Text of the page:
The area highlightd in red are control points that determine where the terrain is sloping as it leaves the edge. These could be control points copied from regions next door to make region terrain meet seemlessly. I'll give an example of that next. In this case, the value of -20 makes the terrain slope as if it would continue going deeper if it extended off the edge. Above you have already seen the island that this set of control points produces.
Matching Terrain Across Region BoundariesOne way to make terrain match across region boundaries is to make sure that the edge and slope values match in the control points of both regions. The red slope zone of each side must match the first row of green interior values of the other. Here is a simple case where that has been done, and below that a picture of the terrain produced:
You could make a copy of the table above, turn it upside down, overlap it with the original with the yellow values lined up. You would see that I made it to match up with itself like that. The red area of one of them has identical values with the green and other edge points. You could make a new .params file with the lines swapped around like that, or you could just put this terrain in the region north of the last one and rotate it 180 degrees:
If you look closely at the border between the two regions, the terrain matches perfectly. Even the terrain texture has the same patterns in it, and there is only a shadow where they meet. This shadow is a feature of the viewer, there is nothing I can do about this!
If your terrain is more complex, you may have to create a different .params file for each region. As much work as that may be, it is a LOT easier than making all this terrain by hand! However, the next example will show an even easier way of making seamless terrain:
Random TerrainThe special value 'ran' in the sample point of the NC means the script supplies a random number at that point. You can specify the range of the random numbers with two parameters 'ranmin' and 'ranmax'. Below is a simple .params file that sets all the values to 'ran' and lets the program generate all the terrain for you.
That has too much water for me, so I am going to type two commands in chat to randomize it and try again:
ran //ran is also the chat command to make up a new random seed gen //gen generates all new terrain after you make any changes.
You can just keep doing this, changing the random seed and generating new terrain until you find one that you like!
Random Terrain SeedsThese random terrains are not lost forever when you clobber them with new ones. You can ‘recover’ a lost terrain by remembering the random seed it was generated from. This is displayed in chat whenever you start generating terrain, so if you can scroll back and find this seed number, you can reproduce that terrain again. To exactly reproduce it, you must also return the offset and factor to the previous values.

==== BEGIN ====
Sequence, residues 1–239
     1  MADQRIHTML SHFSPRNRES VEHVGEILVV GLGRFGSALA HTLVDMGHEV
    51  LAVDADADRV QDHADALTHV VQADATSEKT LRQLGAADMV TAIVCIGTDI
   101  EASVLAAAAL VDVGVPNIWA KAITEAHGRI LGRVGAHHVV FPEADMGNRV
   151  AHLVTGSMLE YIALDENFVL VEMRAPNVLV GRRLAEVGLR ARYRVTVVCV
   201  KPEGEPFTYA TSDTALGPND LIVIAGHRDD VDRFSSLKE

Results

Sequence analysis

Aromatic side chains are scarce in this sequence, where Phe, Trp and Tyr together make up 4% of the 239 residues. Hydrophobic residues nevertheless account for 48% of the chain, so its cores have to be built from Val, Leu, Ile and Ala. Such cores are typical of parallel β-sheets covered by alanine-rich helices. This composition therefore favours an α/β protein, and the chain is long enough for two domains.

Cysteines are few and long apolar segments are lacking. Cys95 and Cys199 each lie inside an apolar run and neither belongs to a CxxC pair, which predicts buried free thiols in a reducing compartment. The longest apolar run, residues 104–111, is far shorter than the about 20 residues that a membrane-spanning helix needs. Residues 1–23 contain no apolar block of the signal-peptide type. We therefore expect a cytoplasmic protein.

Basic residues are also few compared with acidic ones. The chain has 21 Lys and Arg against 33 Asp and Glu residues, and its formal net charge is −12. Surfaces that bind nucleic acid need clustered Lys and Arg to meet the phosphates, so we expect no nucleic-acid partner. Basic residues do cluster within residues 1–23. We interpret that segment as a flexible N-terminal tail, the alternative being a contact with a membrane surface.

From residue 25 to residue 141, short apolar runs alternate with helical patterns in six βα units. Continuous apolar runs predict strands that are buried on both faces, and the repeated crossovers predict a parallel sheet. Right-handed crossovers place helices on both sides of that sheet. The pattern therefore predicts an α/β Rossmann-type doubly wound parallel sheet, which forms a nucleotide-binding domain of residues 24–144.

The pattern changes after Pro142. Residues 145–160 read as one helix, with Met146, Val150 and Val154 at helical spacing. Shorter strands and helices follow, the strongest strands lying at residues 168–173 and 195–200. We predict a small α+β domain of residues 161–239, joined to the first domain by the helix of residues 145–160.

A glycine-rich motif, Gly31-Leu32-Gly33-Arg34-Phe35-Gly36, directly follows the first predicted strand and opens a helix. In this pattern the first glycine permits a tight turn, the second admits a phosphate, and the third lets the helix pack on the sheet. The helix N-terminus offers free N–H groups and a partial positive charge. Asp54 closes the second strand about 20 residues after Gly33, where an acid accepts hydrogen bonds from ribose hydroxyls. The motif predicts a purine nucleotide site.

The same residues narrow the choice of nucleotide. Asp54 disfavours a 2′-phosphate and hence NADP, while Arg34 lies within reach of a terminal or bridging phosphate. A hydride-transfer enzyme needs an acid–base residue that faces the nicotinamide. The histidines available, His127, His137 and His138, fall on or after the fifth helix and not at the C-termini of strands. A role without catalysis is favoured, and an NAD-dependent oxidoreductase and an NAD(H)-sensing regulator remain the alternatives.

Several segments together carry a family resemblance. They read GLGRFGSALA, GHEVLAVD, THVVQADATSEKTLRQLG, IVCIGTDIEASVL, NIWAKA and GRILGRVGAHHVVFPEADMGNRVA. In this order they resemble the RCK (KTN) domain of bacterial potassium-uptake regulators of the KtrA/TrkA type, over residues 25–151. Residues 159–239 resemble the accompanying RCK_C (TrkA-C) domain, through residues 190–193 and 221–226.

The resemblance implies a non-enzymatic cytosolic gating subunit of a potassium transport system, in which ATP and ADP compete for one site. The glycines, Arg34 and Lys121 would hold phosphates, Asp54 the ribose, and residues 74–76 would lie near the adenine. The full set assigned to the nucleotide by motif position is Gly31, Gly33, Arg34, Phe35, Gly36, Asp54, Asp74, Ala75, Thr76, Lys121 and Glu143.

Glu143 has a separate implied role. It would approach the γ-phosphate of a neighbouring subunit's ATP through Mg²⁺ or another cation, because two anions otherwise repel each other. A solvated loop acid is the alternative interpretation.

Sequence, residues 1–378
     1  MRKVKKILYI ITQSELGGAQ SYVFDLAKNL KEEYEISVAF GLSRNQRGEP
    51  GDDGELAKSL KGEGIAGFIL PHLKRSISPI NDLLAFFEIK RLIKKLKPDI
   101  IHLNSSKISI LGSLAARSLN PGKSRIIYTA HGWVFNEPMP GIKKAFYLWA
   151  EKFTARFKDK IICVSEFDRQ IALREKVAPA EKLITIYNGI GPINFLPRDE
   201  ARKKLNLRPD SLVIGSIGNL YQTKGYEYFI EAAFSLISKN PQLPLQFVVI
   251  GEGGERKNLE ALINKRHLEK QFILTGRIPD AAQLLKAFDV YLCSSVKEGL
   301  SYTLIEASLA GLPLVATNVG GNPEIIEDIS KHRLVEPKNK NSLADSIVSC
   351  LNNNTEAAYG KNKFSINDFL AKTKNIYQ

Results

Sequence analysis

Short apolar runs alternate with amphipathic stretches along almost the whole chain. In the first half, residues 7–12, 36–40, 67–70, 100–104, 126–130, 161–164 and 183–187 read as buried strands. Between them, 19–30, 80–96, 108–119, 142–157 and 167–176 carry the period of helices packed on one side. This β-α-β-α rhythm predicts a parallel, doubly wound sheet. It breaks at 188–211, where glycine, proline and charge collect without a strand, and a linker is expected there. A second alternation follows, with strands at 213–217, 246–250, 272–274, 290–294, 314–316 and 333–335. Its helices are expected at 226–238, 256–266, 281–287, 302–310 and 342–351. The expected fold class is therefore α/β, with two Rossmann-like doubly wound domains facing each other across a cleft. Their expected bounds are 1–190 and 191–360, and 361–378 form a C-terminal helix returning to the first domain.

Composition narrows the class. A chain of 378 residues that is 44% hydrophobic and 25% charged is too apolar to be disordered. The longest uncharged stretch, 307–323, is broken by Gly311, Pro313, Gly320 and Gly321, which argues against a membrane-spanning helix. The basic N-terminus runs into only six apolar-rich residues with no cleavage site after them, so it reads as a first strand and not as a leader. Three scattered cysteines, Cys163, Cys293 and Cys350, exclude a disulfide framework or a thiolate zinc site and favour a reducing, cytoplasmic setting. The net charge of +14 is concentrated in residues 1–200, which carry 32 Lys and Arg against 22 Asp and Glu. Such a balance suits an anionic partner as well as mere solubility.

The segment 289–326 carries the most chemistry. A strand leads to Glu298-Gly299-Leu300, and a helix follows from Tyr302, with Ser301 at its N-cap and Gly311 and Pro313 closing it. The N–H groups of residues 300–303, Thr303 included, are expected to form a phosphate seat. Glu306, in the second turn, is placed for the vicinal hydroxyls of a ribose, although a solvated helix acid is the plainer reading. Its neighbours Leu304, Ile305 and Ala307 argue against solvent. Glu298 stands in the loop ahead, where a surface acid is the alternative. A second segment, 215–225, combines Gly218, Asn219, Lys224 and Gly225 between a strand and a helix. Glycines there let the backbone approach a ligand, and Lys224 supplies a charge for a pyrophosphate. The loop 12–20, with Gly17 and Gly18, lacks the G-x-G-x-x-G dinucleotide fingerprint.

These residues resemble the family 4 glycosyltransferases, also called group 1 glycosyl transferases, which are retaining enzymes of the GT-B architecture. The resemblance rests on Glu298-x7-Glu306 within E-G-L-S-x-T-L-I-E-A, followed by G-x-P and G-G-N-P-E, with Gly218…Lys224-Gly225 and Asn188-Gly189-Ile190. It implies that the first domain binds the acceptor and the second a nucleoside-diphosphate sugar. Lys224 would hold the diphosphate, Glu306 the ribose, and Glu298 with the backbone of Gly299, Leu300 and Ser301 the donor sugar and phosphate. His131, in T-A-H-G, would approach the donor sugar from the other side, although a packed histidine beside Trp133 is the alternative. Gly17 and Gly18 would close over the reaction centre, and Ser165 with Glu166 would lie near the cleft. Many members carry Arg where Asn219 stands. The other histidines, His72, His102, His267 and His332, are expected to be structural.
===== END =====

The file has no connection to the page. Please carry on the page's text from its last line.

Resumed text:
Matching Random Terrain Across BordersNotice that the terrain in the last picture ends with high values off the edge in several directions. If I bring the Smooth Terrain prim into the next region to the east and type 'gen' with it there, it generates new random terrain that exactly matches the random terrain in the region next door! These are special random numbers that always get the same value in the same place in your grid. Here are pictures looking back at the first region before and after I generated new terrain next to it:
I'll move on to the next region to the north and do that again, looking back at the region to the south before and after putting in new random terrain:
Finally, I'll put in the missing region in the northwest. Even on the corner where 4 regions come together the terrain matches seamlessly!
Finally here is an arial view of what those 4 regions look like from above:
There are a few conditions that have to be met to set this up: The 'hashtype=global' parameter must be set as I did in the sample NC above. You cannot use this trick and the flip or rotate options at the same time. (The matching edges will be rotated or flipped out of alignment). You must have the same offset and multiplicative factor in all the regions. But once you are set up like this you can march through a whole grid wearing the Smooth Terrain prim on your hand like a magic wand, bestowing matching terrain on every region! Note: You must keep the prim in a region until it says it is done. If you leave early it will stop, warn you not to do that again, and leave a mess behind. You can fix the mess by returning to the half finished region, clicking on the prim to start over and waiting for it to finish this time!
If you have a more complex set of control points, it is up to you to make the values at the edges match. To do this, you may have to create a new .params file for every region and carefully edit the edges and slope values in the tables so they match on every region edge.